• bittster says:

      As long as you’re already starting seeds it’s so easy to throw a few three or four year seeds in there as well. You’ll be so distracted by all the fast growers you won’t even notice it took five years for your lily seeds to bloom!

  4. Maybe I should get a five-year-old to help me learn patience!

  5. Peter/Outlaw says:

    A beautiful reward for your patience!

  6. Cathy says:

    Congratulations on your first homegrown Eucomis! I have definitely not got enough patience for anything that takes so long to flower, but it is rather pretty. 😉

    • bittster says:

      People give me far too much credit for my patience. I used to have tons of it as a youth but as I get older it’s evaporated… almost completely. Fortunately my kids have a ton of patience with me. They just sit there with blank looks as I go on and on yelling about why I shouldn’t ask them again and again to do the same things and why I’m constantly picking up after them. They really do let me go on.

  7. Lisa Rest says:

    Wow that is amazing, isn’t it, to plant a seed and have something like the Eucomis come up (no mistaking it either). I’m sometimes amazed by what seems to plant itself in my yard, but even more so by things coming up years later after I’ve forgotten I ever planted them. The started plants are great for feeling proactive, but I guess I like the mystery of seeds even better.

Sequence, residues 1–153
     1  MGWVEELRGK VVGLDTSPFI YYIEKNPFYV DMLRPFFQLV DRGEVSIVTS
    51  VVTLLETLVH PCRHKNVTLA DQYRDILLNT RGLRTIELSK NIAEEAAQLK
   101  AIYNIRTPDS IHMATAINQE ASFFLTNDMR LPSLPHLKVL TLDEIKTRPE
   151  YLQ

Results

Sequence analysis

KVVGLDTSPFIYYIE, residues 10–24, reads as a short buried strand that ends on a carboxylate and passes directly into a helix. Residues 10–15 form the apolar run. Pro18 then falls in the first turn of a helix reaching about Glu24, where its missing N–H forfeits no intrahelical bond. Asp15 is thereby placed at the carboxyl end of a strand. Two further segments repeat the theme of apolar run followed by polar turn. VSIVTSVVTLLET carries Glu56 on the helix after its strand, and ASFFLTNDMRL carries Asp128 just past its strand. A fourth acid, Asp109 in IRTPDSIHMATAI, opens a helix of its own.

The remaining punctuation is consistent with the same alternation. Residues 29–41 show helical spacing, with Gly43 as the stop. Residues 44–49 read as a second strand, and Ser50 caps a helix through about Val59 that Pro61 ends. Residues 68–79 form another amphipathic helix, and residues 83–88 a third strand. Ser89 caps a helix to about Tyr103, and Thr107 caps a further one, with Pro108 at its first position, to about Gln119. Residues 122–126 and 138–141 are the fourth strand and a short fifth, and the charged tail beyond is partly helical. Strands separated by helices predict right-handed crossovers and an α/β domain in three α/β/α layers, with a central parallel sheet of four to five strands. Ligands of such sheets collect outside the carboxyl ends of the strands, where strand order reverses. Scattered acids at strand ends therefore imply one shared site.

• bittster says:

      I was thinking nearly the same thing this weekend. Something flowered which I’d forgotten all about and if it weren’t for the buried label I’d really have thought I’m losing it. On top of that I had a few surprise seedlings turn up which I know I didn’t bring in. Good to know there must be some other gardens or wild spots around which are sending the seeds out, I’m tired of all the invasive weeds which normally show up!

  8. Best definition of patience I’ve read yet. What about seeds that take two cold periods to germinate? I’ve yet to successfully grow colchicum from seed. Someone must be able to do it, otherwise how are all these hybrids coming to market?

    • bittster says:

      I’ve wondered the same thing! I used to collect colchicum seed and donate it but was afraid I was just spreading disappointment. Maybe it’s time to collect a few for myself and see about getting them sprouted. Like you said, someone must be managing it!
      I wonder if I can cross a few this fall…

  9. hb says:

    Well done! It’s a very good looking Eucomis, too.

    I’m hoping a no longer tiny deciduous Agapanthus will bloom someday. It’s only been three years. The proverbial five year old may be in college by then.

    • bittster says:

      Haha, my Eucomis was practically a weed compared to your agapanthus. They are a little more difficult to convince to flower around here, often they just multiply and multiply but no blooms.
      I do have a “hardy” agapanthus planted this spring which promises to flower. I’m astonished to say the least but hopefully this won’t be the first and last time!